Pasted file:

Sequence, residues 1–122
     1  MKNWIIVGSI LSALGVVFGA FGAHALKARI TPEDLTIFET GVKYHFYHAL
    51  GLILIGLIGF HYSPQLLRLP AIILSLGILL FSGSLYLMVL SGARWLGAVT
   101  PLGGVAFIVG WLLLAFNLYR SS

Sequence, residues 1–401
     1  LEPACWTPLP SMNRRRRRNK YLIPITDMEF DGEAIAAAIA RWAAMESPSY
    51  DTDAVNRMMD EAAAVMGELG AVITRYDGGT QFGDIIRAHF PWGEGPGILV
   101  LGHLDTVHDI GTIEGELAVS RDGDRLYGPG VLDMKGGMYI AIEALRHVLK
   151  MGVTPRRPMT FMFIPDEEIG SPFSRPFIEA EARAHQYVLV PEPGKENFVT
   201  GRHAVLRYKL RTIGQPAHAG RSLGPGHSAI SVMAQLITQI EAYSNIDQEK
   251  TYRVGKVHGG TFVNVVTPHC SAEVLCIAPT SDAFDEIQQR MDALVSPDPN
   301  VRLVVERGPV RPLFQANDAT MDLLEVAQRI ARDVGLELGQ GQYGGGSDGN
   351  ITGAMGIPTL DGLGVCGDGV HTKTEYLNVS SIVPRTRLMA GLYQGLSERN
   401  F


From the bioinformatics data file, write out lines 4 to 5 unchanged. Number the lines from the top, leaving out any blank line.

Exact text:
   101  PLGGVAFIVG WLLLAFNLYR SS

Sequence, residues 1–401